Gross Motor b
OR (95% CI)
Communication b
OR (95% CI)
Personal Social b
OR (95% CI)
Malaria c and anemia d4.42 (2.86, 6.82) **4.42 (2.86, 6.82) **4.42 (2.86, 6.82) **
Malaria and child development (no anemia)2.15 (1.35, 3.44) **2.04 (1.28, 3.23) **2.91 (1.87, 4.53) **
Anemia and child development1.46 (0.96, 2.22) §1.60 (1.06, 2.40) *1.89 (1.28, 2.81) **
Malaria and child development (with anemia)2.02 (1.23, 3.30) **1.83 (1.13, 2.97) *2.54 (1.60, 4.05) **
a Table includes mediation test results of four regressions evaluating the association between: 1) malaria and anemia, 2) malaria and child development outcome (without anemia), 3) anemia and child development outcome, and 4) malaria and child development outcome (with anemia). b Risk for developmental delay defined as having a Z-score below the 25th percentile control group Z-score. c Binary, 1 = positive RDT. d Binary, 1 = anemic (Hb <11.0 g/dL). ** p < 0.01, * p < 0.05, § p < 0.1.
Table 4. Proportion of the total association of malaria on risk of gross motor, communication, and personal social delay that is mediated by anemia (n = 592).
Table 4. Proportion of the total association of malaria on risk of gross motor, communication, and personal social delay that is mediated by anemia (n = 592).
Anemia
Gross Motor0.091
Communication 0.16
Personal Social0.14

Share and Cite

MDPI and ACS Style

Milner, E.M.; Kariger, P.; Pickering, A.J.; Stewart, C.P.; Byrd, K.; Lin, A.; Rao, G.; Achando, B.; Dentz, H.N.; Null, C.; Fernald, L.C.H. Association between Malaria Infection and Early Childhood Development Mediated by Anemia in Rural Kenya. Int. J. Environ. Res. Public Health 2020, 17, 902. https://doi.org/10.3390/ijerph17030902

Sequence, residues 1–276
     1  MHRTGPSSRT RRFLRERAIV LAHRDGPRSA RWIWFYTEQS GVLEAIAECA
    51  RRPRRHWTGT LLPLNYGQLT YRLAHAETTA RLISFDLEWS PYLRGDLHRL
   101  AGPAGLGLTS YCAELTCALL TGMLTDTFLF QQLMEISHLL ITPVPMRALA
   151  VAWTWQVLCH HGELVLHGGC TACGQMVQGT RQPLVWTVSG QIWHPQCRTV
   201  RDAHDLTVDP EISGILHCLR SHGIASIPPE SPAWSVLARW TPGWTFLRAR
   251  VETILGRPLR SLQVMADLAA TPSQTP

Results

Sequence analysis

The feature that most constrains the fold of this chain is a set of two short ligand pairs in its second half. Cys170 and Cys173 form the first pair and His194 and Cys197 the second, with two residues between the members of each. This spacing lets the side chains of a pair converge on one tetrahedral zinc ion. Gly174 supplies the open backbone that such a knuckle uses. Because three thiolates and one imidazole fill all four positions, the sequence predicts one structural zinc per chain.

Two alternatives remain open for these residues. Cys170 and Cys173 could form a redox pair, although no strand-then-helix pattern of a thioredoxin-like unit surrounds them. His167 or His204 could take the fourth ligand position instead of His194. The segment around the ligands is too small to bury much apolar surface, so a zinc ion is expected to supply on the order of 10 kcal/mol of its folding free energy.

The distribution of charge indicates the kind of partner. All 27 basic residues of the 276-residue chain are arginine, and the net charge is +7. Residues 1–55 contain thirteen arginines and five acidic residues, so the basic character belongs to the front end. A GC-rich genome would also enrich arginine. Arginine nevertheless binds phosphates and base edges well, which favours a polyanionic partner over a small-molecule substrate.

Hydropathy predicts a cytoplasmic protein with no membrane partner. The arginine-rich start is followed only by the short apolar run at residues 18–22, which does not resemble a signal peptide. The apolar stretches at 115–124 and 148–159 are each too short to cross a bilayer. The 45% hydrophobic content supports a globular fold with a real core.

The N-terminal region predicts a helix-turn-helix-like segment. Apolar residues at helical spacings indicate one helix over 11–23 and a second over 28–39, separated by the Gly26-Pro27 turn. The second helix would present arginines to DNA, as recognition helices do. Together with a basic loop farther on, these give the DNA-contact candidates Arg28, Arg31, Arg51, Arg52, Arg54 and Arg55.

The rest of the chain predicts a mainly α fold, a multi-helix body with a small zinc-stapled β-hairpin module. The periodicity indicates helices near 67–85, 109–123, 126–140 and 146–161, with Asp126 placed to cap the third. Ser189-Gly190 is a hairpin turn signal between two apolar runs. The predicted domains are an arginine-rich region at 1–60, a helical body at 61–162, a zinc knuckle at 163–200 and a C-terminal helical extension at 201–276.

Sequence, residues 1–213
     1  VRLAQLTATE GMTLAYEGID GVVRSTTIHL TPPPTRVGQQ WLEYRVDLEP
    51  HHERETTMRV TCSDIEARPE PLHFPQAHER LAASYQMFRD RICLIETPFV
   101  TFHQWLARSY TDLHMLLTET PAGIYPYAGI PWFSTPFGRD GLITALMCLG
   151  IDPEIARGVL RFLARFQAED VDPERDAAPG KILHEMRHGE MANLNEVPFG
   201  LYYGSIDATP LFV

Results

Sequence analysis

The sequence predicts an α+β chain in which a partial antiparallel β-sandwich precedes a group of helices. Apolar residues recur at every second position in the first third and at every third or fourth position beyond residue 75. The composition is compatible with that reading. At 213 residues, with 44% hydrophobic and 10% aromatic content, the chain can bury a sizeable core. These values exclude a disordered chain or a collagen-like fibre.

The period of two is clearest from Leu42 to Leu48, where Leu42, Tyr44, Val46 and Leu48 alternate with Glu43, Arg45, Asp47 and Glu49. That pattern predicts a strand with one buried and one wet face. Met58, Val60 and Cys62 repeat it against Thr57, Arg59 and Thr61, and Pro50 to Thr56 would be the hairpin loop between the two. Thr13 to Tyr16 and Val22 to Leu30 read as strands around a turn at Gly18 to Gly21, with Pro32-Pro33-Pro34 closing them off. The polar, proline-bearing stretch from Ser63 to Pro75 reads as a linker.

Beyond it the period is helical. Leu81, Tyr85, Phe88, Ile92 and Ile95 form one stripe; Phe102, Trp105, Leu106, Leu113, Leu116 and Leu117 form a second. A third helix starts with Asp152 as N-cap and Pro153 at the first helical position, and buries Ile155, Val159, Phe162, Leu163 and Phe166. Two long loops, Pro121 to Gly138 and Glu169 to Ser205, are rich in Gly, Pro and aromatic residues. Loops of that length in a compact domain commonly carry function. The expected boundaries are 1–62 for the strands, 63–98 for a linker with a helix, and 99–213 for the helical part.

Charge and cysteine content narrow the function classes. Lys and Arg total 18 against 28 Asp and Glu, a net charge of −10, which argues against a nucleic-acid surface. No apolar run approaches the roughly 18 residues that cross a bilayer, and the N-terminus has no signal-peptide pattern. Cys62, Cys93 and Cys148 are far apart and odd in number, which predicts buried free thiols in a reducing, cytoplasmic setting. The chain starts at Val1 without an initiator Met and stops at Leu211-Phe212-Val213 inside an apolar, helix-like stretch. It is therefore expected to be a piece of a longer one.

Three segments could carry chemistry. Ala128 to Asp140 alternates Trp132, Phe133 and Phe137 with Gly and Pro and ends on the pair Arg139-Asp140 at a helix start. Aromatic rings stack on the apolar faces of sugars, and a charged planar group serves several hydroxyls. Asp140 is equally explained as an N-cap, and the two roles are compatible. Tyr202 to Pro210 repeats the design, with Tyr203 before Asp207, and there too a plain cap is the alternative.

AMA Style

Milner EM, Kariger P, Pickering AJ, Stewart CP, Byrd K, Lin A, Rao G, Achando B, Dentz HN, Null C, Fernald LCH. Association between Malaria Infection and Early Childhood Development Mediated by Anemia in Rural Kenya. International Journal of Environmental Research and Public Health. 2020; 17(3):902. https://doi.org/10.3390/ijerph17030902

Chicago/Turabian Style

Milner, Erin M., Patricia Kariger, Amy J. Pickering, Christine P. Stewart, Kendra Byrd, Audrie Lin, Gouthami Rao, Beryl Achando, Holly N. Dentz, Clair Null, and Lia C.H. Fernald. 2020. "Association between Malaria Infection and Early Childhood Development Mediated by Anemia in Rural Kenya" International Journal of Environmental Research and Public Health 17, no. 3: 902. https://doi.org/10.3390/ijerph17030902

Note that from the first issue of 2016, this journal uses article numbers instead of page numbers. See further details here.

Article Metrics

Back to TopTop